US government green-lights data swapping for security firms

Agencies will not pursue anti-trust charges for trading information


Security firms looking to share research data with their peers need not fear the US Federal Trade Commission or Department of Justice any more.

The FTC and DOJ issued a joint policy statement on Thursday assuring the security community that they will not pursue antitrust cases against companies that share their security information.

The two agencies said that they will draw a clear distinction between companies who share data with their market competitors regarding security issues and research, and those who knowingly disclose trade and company secrets with competitors in hopes of manipulating the market or fixing prices.

"Because of the FTC’s long experience promoting data security, we understand the serious threat posed by cyberattacks,” FTC Chairwoman Edith Ramirez said in a statement.

"This statement should help private businesses by making it clear that antitrust laws do not stand in the way of legitimate sharing of cybersecurity threat information."

The aim in issuing the statement, said the FTC and DOJ, is to ease the fears of companies who had been hesitant to reach out to others with their security research and attack data out of fear that releasing the information would be considered an anticompetitive act.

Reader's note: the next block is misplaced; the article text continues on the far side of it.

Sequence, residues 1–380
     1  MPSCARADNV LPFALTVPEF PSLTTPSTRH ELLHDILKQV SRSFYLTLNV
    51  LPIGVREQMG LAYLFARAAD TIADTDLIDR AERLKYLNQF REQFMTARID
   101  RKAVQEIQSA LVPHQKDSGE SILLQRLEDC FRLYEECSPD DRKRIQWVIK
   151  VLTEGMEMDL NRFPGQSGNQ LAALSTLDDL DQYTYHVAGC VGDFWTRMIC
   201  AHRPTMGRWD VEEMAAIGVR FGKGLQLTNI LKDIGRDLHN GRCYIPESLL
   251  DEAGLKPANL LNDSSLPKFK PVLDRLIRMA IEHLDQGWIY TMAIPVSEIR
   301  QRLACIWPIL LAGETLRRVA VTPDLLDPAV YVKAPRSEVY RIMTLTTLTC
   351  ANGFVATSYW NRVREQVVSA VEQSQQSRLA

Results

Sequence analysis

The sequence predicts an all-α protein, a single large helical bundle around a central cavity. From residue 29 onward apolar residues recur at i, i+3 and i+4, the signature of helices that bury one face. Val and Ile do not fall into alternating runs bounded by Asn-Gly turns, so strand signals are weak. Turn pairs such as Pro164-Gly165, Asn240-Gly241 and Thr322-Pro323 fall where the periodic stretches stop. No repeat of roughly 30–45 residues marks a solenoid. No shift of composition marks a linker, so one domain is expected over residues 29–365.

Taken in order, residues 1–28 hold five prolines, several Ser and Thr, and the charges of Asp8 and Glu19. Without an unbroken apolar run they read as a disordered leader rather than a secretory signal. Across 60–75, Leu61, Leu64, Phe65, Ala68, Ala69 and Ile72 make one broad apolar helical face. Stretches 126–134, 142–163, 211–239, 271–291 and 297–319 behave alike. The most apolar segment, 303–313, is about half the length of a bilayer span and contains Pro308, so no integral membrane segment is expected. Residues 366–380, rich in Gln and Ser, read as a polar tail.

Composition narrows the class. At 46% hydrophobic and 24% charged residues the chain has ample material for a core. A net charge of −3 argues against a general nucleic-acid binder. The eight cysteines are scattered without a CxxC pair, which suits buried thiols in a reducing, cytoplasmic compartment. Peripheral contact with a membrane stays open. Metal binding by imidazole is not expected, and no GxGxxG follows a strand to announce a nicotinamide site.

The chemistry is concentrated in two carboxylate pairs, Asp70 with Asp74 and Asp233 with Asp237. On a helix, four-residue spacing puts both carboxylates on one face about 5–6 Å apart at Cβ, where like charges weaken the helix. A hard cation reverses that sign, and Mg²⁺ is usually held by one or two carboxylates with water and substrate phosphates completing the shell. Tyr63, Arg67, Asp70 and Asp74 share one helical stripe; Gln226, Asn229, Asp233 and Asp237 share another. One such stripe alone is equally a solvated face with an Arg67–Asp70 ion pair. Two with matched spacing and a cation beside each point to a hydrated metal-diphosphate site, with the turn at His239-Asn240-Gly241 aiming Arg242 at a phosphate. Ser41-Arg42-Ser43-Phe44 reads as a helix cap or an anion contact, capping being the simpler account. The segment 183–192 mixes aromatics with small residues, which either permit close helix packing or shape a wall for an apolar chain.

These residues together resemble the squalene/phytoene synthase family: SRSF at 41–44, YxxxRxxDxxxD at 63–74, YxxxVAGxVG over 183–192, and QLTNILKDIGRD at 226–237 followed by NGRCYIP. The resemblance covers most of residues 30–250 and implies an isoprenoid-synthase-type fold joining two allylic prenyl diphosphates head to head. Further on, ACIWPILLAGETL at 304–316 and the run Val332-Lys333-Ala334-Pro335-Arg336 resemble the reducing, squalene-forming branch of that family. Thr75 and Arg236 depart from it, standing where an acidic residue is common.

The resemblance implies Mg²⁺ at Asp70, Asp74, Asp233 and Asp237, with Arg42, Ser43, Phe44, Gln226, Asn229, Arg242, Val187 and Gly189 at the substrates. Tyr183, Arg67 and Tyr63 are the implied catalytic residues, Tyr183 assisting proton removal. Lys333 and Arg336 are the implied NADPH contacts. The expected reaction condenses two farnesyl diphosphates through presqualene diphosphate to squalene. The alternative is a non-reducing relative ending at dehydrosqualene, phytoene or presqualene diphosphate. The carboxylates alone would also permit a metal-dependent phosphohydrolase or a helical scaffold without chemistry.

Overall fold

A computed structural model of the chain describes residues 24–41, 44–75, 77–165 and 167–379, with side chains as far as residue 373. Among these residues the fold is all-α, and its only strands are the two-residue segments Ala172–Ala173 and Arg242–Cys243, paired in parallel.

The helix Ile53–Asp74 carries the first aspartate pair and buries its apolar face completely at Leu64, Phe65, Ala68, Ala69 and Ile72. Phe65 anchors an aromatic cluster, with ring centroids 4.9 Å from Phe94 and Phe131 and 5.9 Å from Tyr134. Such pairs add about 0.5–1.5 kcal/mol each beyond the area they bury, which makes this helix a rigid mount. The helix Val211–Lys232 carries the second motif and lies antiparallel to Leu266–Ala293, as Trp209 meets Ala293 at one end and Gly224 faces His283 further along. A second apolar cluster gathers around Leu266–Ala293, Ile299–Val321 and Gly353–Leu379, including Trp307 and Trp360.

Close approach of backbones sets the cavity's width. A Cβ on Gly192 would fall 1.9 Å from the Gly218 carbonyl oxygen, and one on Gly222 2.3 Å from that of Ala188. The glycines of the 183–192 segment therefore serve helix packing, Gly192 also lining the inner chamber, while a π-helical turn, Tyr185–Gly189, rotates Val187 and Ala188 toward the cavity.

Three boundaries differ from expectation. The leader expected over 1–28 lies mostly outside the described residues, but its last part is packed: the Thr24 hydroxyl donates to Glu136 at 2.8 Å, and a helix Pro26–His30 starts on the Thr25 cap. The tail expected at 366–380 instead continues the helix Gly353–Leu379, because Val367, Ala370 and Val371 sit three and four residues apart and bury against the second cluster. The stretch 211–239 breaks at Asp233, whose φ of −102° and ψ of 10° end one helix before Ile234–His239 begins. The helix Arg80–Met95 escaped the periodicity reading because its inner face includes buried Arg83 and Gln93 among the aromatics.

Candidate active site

The sharing of data has long been considered a tenet of the security community. Firms often share data about new attacks and malware infections with the public and other companies. Vendors have long advocated a cooperative approach which holds that by sharing intelligence with the group, individual vendors are able to make their products more secure and force attackers to try new targets and techniques.

The FTC and DOJ said that such sharing should not risk being stifled by antitrust laws which are designed to stop competitors from working in collusion.

The statement explicitly states "cyber threat information typically is very technical in nature and very different from the sharing of competitively sensitive information such as current or future prices and output or business plans."

Patrick Thomas, a security consultant for Neohapsis, said that the policy statement will be particularly helpful for security firms that work with 'hybrid' platforms which rely on a mixture of public and private infrastructure where regulatory issues can get complicated.

"While anti-trust violations for this sort of sharing probably did not loom large in the minds of most technology-centric companies, it may have held back more heavily regulated industries such as utilities and finance," Thomas explained.

"These are exactly the sort of heavily targeted sectors that benefit from this clear guidance."

Recently, the government has moved to further facilitate the sharing of information by seeking to remove legal hurdles which could restrict companies from sharing data between themselves and with the government.

The CISPA legislation is aiming to clear a different set of obstacles by opening channels between government security agencies and the private sector. Advocates of the law hope that CISPA will allow companies to provide the government with vital information to prevent cyberattacks on public and private infrastructure, while critics charge that the law will further enable the NSA to gather personal information on citizens en masse for its oft-criticized domestic and international surveillance programs. ®


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